diyAudio

diyAudio (http://www.diyaudio.com/forums/)
-   Solid State (http://www.diyaudio.com/forums/solid-state/)
-   -   Integrator in DC servo (http://www.diyaudio.com/forums/solid-state/57402-integrator-dc-servo.html)

Ipanema 17th May 2005 05:19 AM

Integrator in DC servo
 
Hi,

Someone pls explain to me

1) why we need an integrator in DC servo instead of just an error correction amplifier?

2) How to implement DC servo/offset compensation in a fully balance system?

An example would be much appreciated. :D

Thanks.

PRR 17th May 2005 05:43 AM

> why we need an integrator in DC servo instead of just an error correction amplifier?

As far as the "error correction" is concerned, our audio is an "error". It would try to reduce this error to zero. No audio output.

What we really want is: DC is an error, audio is not an error. The simplest way to define what is DC and what is audio is with a low-pass filter. And the most extreme low-pass is the integrator, because it tends to infinitely high gain (error reduction) at infinitely low frequency (DC).

> How to implement DC servo/offset compensation in a fully balance system?

You have errors in two terms, you need two servos. There may be some very clever way to share parts between two servos, but it still has at least two inputs, two outputs, and two gain functions. If you are not going into mass production, two or even three servos is the most direct and maybe-successful way to approach it.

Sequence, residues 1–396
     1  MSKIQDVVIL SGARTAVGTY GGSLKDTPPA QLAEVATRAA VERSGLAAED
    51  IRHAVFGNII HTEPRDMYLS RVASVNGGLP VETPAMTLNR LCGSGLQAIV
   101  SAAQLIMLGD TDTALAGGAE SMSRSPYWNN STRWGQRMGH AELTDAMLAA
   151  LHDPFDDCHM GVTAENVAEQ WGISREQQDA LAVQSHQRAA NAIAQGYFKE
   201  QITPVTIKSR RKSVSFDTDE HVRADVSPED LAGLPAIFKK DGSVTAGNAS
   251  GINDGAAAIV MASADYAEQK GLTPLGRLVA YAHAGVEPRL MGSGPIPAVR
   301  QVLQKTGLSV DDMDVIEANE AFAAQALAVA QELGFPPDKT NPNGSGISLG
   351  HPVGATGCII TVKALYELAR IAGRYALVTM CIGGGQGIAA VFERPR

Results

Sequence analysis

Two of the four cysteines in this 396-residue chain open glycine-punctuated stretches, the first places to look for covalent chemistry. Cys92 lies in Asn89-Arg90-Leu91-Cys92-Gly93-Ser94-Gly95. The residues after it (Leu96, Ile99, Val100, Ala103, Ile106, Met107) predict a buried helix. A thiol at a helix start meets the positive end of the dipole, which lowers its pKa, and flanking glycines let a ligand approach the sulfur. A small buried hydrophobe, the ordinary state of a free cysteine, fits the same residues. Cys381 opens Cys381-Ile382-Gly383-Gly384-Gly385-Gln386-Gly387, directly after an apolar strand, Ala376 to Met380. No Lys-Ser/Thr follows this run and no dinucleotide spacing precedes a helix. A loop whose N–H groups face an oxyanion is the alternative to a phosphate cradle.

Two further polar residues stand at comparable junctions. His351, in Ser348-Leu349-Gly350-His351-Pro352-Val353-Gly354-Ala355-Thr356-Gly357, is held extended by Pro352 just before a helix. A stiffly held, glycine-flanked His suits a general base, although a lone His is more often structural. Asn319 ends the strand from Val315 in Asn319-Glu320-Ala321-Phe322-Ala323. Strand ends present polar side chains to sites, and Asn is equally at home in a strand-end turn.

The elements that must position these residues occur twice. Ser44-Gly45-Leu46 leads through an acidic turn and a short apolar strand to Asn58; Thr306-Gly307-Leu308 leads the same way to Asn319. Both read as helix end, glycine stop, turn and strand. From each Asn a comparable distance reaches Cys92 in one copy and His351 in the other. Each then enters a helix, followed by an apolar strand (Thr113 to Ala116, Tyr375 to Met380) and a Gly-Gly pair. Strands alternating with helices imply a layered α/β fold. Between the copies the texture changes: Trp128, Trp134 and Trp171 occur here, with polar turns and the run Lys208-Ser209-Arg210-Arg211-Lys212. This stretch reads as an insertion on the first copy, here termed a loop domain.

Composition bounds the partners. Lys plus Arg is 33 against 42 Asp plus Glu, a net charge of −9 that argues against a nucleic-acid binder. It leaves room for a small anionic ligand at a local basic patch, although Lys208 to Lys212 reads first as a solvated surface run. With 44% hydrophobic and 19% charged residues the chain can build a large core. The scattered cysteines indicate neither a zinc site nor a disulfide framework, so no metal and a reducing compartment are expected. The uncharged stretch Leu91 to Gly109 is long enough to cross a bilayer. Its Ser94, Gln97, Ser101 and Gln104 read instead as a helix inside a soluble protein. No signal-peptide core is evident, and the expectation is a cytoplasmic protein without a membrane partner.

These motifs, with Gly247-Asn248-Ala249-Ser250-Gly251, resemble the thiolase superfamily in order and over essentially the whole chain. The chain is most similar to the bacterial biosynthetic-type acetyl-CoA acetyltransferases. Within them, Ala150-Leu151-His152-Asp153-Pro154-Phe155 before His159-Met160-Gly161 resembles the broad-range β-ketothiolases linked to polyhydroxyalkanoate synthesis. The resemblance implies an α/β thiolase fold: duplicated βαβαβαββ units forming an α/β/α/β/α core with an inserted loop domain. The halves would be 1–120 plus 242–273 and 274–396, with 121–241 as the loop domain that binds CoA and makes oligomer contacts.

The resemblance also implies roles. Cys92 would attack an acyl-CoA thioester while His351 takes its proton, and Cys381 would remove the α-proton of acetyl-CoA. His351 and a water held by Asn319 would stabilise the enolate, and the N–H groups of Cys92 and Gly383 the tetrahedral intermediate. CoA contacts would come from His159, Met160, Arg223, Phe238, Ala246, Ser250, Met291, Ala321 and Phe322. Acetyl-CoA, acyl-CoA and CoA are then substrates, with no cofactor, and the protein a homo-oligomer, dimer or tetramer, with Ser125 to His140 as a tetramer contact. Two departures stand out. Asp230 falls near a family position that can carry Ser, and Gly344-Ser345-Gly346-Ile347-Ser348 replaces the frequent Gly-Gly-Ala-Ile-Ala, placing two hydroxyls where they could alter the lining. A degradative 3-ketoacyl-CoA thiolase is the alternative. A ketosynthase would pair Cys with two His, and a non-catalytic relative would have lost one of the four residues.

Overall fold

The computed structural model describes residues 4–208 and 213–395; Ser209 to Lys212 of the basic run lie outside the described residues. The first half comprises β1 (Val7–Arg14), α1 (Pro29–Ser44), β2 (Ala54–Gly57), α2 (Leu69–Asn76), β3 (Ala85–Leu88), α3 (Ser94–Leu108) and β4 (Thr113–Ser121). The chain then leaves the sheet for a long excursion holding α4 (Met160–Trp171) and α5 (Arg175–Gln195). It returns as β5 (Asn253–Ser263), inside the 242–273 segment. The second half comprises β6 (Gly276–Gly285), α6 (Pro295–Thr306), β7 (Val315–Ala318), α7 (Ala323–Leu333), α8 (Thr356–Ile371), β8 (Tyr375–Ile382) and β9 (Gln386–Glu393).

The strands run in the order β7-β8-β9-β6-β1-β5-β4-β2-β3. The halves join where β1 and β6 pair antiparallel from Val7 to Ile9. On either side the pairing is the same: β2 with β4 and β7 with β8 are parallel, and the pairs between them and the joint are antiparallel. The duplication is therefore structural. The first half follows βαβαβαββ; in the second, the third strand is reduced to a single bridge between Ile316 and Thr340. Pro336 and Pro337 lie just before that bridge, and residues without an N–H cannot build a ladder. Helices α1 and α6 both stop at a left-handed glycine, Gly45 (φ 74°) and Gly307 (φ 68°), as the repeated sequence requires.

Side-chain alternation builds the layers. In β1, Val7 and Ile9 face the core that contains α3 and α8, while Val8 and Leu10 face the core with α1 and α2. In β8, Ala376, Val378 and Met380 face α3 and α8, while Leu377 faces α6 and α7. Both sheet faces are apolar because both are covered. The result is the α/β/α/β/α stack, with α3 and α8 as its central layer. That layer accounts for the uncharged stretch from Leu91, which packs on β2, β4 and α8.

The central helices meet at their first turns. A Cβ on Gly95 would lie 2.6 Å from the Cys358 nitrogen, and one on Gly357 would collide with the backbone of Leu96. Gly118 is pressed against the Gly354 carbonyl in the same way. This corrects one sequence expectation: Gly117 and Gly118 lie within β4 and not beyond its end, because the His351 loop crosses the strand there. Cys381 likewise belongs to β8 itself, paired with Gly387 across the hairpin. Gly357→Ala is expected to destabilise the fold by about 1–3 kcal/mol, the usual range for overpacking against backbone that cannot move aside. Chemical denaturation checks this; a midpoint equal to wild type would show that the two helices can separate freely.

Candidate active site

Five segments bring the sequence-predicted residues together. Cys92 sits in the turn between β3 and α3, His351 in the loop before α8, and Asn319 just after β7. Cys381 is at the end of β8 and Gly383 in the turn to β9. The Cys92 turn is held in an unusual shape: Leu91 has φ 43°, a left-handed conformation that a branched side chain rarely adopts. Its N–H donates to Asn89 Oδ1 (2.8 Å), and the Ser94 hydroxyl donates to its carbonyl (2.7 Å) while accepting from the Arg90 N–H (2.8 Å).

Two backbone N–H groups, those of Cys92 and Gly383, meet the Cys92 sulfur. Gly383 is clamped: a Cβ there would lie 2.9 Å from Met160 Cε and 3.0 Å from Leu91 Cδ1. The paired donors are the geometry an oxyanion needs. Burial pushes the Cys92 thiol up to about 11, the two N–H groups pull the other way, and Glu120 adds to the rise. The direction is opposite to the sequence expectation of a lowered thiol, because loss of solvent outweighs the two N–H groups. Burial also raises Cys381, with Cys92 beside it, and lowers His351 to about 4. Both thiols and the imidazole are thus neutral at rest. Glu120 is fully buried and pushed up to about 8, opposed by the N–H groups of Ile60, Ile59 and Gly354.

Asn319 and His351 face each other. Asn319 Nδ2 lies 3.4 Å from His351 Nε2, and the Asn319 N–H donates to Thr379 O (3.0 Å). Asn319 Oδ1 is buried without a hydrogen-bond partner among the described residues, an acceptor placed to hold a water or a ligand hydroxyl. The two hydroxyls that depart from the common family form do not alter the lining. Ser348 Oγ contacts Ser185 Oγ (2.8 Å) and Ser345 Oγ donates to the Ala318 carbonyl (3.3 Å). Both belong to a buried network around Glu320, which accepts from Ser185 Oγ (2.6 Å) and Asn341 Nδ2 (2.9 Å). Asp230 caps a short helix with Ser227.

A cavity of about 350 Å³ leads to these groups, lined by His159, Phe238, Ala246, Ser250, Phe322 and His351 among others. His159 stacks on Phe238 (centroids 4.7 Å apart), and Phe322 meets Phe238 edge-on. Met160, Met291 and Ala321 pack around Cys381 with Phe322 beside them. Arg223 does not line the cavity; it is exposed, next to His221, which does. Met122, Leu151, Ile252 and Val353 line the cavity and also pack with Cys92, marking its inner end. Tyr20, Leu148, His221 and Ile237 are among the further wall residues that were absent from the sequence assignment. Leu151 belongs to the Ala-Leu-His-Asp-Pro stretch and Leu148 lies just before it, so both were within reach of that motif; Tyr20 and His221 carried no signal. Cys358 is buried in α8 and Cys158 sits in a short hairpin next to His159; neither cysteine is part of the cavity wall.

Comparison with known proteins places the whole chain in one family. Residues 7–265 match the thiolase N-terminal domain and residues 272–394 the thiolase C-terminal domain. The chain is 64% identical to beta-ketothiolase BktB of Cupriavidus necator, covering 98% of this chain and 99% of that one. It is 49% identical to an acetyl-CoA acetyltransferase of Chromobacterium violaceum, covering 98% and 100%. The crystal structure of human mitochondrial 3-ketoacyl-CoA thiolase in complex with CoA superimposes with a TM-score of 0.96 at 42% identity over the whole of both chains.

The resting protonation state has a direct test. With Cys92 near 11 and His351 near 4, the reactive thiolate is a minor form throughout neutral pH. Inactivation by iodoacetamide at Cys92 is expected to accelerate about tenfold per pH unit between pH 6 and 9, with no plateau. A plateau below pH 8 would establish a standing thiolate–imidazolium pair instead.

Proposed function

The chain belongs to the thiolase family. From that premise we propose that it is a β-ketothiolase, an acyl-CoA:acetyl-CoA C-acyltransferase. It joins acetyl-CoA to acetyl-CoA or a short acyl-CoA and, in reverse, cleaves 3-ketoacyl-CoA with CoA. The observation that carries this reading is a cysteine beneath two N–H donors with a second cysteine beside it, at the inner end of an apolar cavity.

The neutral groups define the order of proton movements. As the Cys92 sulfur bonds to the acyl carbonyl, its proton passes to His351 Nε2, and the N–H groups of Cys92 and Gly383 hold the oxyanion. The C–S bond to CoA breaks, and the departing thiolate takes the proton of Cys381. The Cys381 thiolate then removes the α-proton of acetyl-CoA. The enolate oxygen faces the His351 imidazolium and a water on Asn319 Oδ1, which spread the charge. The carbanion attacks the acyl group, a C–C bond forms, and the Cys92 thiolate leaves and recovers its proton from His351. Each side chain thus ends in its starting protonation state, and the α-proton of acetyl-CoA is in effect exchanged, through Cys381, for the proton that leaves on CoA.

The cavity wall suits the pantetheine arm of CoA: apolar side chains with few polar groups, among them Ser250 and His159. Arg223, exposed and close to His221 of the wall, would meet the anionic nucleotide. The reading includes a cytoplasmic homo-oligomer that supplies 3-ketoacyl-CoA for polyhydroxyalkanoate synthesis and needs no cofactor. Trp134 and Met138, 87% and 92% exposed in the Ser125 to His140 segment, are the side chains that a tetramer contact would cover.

peranders 17th May 2005 06:16 AM

I agree with Mr. R but one way to avoid those kind of errors is to use precision parts. Do you have any particular mind?

amplifierguru 17th May 2005 06:29 AM

You don't need servos at all if you take care of offsets/tracking in the design. The best servo is no servo.

Ipanema 17th May 2005 07:57 AM

Hi PRR,

Thanks for your reply. Do you have any examples which have offset cancellation in full balance amplifier? So far I have only seen single ended version.

My concern for offset cancellation in full balance design is to cancel any offset cause by device mismatch in differential amplifier (more severe if high gain), where the usual common-mode feedback (CMFB) is unable to correct. Hope you can understand my desciption.

Thanks.:)

jcx 17th May 2005 04:34 PM

I show a bias scheme for a current mirrored complemetary dual diff pair input amp in:

http://www.diyaudio.com/forums/showt...threadid=56860

current mirror loading assures Ic balance to within a couple of Ib, easily better than 1% Ic match, this should give sub mV input refered offset V - with well matched input Qs

In DIY you have the luxury of discounting labor in favor of craftmanship so matching input transistors should be expected

Manual trimming which is anathema to the production engineer is another DIY option; small emitter degeneration R can be trimmed for 0 offset V somewhat independant of Ic balance (which can/should be tirmmed depending on topology)


All times are GMT. The time now is 04:13 PM.


vBulletin Optimisation provided by vB Optimise (Pro) - vBulletin Mods & Addons Copyright © 2014 DragonByte Technologies Ltd.
Copyright 1999-2014 diyAudio


Content Relevant URLs by vBSEO 3.3.2